The poll was conducted by telephone between March 26 and April 7. No calls were placed on the Jewish Sabbath or on the first two days of Passover, according to the report.

For the survey’s purposes, Jews were classified as “anyone who identified himself as brought up in the Jewish faith or considered himself or herself Jewish.” Jews also were asked to describe their Jewish religious and political affiliations.


The poll is described as “the widest-ranging measure of Jewish and non-Jewish opinion on the Middle East and related issues since the current unrest among Palestinian Arabs began.” It claims to have “sampled a much larger and more representative number of Jews than is generally the case in national opinion surveys.”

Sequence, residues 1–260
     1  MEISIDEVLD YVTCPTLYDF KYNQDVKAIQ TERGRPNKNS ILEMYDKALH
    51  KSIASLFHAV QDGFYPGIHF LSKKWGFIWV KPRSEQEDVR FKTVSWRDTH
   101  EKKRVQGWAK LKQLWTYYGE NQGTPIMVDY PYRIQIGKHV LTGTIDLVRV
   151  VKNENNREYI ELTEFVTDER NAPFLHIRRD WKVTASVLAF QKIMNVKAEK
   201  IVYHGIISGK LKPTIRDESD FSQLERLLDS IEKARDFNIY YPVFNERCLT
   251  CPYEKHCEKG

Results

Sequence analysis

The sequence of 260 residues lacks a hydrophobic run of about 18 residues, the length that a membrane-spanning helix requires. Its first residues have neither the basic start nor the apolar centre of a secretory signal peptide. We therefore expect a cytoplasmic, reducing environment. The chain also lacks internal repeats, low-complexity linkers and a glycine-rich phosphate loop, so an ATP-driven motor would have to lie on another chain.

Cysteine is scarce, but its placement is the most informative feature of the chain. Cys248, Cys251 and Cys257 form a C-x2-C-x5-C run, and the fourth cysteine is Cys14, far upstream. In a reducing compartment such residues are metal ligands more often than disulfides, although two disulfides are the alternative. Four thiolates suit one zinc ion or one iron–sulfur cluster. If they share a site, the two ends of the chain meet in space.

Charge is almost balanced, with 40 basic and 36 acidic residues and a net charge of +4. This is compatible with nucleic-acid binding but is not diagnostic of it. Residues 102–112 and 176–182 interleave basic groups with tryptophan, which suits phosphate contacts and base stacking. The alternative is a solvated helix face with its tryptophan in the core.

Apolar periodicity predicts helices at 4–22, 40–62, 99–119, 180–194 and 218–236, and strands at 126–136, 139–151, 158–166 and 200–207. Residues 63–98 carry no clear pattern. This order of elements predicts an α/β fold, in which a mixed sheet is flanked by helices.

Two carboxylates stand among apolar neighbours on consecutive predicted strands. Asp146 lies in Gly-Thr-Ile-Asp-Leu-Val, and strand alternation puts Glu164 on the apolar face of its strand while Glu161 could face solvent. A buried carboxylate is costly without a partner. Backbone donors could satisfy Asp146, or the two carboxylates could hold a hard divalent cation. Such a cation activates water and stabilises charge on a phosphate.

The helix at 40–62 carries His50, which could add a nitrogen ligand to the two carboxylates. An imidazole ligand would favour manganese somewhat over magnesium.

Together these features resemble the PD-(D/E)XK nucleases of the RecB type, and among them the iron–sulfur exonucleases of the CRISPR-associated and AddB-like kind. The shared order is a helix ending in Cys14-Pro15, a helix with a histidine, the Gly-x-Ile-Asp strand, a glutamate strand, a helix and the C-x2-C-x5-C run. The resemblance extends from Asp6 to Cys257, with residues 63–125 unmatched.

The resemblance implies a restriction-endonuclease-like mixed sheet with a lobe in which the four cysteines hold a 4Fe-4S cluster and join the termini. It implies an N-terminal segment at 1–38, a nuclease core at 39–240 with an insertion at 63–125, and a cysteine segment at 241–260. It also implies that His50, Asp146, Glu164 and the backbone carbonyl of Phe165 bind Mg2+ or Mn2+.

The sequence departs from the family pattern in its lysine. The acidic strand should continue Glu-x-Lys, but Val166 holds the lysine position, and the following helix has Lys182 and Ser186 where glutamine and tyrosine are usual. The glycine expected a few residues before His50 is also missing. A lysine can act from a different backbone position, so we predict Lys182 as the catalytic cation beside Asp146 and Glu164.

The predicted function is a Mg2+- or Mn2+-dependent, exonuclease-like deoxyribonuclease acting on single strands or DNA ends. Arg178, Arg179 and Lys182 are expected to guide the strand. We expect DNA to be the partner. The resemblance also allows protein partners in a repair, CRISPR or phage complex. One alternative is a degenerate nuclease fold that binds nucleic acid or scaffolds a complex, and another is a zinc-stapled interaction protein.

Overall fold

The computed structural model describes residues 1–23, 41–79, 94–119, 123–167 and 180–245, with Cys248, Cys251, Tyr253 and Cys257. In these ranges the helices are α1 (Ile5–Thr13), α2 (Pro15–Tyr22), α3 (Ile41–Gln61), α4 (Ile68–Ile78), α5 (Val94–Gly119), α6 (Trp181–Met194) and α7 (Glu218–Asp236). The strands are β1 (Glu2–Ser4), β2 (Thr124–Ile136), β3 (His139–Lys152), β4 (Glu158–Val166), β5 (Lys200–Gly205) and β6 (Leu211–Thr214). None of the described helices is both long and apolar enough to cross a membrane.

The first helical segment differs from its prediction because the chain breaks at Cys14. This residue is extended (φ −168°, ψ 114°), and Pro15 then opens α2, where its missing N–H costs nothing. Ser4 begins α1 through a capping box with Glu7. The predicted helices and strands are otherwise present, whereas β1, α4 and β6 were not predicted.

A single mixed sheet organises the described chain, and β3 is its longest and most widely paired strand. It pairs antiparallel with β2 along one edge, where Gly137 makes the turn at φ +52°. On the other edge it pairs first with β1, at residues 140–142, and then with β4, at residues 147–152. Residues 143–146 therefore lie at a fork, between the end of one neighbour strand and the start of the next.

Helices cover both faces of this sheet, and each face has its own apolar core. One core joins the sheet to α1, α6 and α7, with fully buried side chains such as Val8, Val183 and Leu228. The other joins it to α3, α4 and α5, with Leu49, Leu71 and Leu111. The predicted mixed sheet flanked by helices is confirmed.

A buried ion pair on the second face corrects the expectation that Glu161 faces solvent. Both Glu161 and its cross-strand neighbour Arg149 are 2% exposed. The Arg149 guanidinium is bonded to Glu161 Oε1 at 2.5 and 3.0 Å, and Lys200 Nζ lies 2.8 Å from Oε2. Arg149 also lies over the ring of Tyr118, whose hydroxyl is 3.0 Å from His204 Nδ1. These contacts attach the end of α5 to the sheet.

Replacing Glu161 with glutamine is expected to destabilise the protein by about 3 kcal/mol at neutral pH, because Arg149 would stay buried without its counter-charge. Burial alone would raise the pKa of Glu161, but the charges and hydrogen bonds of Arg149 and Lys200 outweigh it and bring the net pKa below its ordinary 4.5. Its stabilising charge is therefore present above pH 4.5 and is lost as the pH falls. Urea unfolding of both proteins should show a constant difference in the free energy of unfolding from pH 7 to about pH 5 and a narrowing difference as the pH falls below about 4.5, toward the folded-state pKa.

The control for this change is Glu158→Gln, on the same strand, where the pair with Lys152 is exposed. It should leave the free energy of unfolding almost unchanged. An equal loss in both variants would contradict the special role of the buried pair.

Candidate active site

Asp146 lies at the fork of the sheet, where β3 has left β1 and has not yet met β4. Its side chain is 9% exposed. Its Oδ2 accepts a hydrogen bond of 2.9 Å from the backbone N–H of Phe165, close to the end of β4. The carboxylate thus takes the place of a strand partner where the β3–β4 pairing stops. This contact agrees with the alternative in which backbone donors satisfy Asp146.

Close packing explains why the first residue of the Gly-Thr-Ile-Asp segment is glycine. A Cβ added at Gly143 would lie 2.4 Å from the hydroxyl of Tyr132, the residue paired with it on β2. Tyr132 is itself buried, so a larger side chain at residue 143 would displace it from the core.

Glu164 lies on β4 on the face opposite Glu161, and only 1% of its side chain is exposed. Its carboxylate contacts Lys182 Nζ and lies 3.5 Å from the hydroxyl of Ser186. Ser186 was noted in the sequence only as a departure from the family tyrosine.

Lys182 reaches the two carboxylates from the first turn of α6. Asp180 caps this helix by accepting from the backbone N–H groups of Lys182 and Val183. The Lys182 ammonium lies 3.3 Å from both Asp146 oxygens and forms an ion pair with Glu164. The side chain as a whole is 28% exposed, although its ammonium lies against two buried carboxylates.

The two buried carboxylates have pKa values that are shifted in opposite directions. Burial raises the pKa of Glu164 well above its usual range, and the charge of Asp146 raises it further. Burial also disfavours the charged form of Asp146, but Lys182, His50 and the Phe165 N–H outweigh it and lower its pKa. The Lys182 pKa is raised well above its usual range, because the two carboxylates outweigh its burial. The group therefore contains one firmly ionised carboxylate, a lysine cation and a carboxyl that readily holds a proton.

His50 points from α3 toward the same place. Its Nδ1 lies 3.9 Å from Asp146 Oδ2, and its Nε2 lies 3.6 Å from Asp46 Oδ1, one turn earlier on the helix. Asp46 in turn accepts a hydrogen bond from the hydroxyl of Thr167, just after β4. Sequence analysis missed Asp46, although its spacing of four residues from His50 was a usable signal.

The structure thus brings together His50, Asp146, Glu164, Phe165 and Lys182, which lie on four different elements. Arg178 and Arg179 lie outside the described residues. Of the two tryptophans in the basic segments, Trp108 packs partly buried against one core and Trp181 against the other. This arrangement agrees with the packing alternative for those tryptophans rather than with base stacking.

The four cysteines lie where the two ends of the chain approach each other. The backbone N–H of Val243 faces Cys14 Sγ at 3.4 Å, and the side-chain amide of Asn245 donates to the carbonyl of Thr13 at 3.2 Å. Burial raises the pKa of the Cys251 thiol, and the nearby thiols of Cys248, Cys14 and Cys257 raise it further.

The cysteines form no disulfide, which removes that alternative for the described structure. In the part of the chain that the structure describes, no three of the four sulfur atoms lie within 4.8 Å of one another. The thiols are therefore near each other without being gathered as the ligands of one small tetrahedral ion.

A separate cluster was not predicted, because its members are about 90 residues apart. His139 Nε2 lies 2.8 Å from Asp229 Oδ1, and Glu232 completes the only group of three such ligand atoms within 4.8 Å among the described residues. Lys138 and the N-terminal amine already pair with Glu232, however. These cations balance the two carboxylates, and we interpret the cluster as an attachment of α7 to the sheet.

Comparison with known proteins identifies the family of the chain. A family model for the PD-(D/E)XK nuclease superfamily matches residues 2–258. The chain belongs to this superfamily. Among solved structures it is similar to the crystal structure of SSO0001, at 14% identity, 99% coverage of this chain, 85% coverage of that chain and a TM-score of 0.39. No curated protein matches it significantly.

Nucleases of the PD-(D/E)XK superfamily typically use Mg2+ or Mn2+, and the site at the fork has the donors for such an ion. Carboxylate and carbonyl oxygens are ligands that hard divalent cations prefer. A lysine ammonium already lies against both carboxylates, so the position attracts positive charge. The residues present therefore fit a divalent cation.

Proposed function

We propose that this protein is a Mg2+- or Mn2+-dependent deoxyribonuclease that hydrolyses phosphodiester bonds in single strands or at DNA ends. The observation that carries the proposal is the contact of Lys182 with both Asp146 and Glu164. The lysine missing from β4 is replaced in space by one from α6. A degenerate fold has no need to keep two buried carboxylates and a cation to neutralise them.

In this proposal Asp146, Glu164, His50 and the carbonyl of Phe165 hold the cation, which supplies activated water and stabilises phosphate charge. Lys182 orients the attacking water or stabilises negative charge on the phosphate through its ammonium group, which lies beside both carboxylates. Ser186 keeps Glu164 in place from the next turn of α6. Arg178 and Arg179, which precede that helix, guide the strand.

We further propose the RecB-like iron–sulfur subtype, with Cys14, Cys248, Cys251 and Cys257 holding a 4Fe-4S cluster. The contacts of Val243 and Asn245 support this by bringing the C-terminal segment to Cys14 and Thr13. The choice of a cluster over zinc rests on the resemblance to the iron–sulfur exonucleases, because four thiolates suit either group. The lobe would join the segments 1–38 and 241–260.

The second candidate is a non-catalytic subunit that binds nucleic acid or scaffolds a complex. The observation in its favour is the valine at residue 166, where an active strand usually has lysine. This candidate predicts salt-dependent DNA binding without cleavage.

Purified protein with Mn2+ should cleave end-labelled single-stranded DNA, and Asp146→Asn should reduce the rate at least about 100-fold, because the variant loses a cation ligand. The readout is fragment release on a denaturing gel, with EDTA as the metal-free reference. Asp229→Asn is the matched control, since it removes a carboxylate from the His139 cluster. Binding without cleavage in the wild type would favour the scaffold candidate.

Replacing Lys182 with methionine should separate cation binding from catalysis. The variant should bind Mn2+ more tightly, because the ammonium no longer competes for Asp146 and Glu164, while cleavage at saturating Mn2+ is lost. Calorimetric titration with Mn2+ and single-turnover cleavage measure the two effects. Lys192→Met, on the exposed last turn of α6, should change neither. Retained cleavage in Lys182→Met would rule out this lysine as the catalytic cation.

Lewis said that 1,018 “representative Jews” were polled. Those surveyed were chosen from over 50,000 names out of more than 200,000 people the Los Angeles Times had surveyed in previous years.

Lewis consulted with political analysts William Schneider of the American Enterprise Institute and Seymour Lipsett of the Hoover Institute at Stanford University, who co-authored a book on American public opinion.

Over 60 percent of both Jews and non-Jews polled indicated they favored Shultz’s plan for an international peace conference, with 17 percent opposed.

Two-thirds of American Jews polled believed that Israel should “come to some sort of accommodation with the Arabs in the occupied territories,” rather than transfer the Palestinians to some other Arab country.

But less than a majority of Jews polled on giving up territory for peace, 43 percent, advocated relinquishing the West Bank and Gaza Strip.